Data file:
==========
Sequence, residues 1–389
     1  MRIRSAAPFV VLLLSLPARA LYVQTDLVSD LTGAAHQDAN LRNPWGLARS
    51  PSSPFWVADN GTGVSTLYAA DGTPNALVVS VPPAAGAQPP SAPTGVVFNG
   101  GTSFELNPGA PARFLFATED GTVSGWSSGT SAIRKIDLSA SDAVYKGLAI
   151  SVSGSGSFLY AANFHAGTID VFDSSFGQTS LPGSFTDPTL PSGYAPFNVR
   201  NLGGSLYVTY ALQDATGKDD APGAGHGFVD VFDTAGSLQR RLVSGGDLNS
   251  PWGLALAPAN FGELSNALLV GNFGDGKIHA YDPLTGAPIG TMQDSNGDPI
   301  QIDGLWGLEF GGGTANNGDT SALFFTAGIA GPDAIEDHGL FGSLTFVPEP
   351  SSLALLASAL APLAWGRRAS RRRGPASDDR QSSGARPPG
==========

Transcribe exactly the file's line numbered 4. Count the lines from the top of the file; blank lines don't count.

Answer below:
   101  GTSFELNPGA PARFLFATED GTVSGWSSGT SAIRKIDLSA SDAVYKGLAI